Often students get a 30 minute social skills group weekly, and such groups tend not to be useful in real-time experiences. Responding in real social situations is very different; social demands are faster, more fluid and come from multiple directions at once. Also, most people with AS are very detail focused. This focus can be a real strength in many areas of learning and employment. However, the changing details of different social situations can make it difficult for some AS individuals to recognize when a learned strategy is appropriate or not.
It’s difficult to have embedded social coaching in mainstream schools; the cost alone would be prohibitive. However, creative teachers can facilitate students meeting other students with similar interests. Teachers can also help students engage in group projects and counselors can help process social interactions. Good social skills curriculums exist and classrooms can actively support diversity.
Unfortunately, most communities don’t build a sense of acceptance of diversity.
Some children’s TV programs like Sesame Street, Mr. Rogers, and even Daniel Tiger introduce diverse characters to very young children. But this discussion about representation of diverse people needs to take place in homes, places of worship, and community programs such as Girl Scouts and Boy Scouts. Parents can advocate that Scout Leaders, town recreation department heads, and others be educated in helping AS children integrate into their programs. A peer support program in community settings can also be helpful to help children in real time social skills.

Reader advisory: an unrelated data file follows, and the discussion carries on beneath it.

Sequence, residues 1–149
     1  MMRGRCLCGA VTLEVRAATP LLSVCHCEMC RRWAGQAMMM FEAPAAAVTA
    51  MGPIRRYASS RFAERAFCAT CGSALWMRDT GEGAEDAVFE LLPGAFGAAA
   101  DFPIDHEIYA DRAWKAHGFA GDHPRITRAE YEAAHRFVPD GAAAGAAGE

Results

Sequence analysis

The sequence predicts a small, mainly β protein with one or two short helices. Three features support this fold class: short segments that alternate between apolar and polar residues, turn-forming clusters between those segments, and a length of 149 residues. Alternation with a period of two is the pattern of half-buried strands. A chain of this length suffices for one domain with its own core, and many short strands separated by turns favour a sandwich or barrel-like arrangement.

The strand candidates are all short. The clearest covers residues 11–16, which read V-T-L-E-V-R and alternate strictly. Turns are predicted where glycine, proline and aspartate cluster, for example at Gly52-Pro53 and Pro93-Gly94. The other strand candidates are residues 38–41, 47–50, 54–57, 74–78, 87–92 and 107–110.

The AS community is pushing for education; this takes community leadership as well.
As a professional known for working with and advocating for AS clients, I’m often told by people I meet that they have family members or friends with AS children. Pressing for education and public awareness needs to come from family members and friends as much as immediate families.
Adults find few if any community supports, although some meetups exist. There are online resources such as Aspergers 101 and other websites, chat groups and blogs. There are YouTube videos by, for and about individuals with Aspergers as well as TED talks by individuals with AS. MyAspergers.net has a listing of support groups and meetups. It’s important to vet chat groups to make sure that they are constructive and helpful, providing understanding and positive strategies. Finding shared interest groups can be helpful – I had one young man interested in fishing happily included in a group of similarly focused fishermen.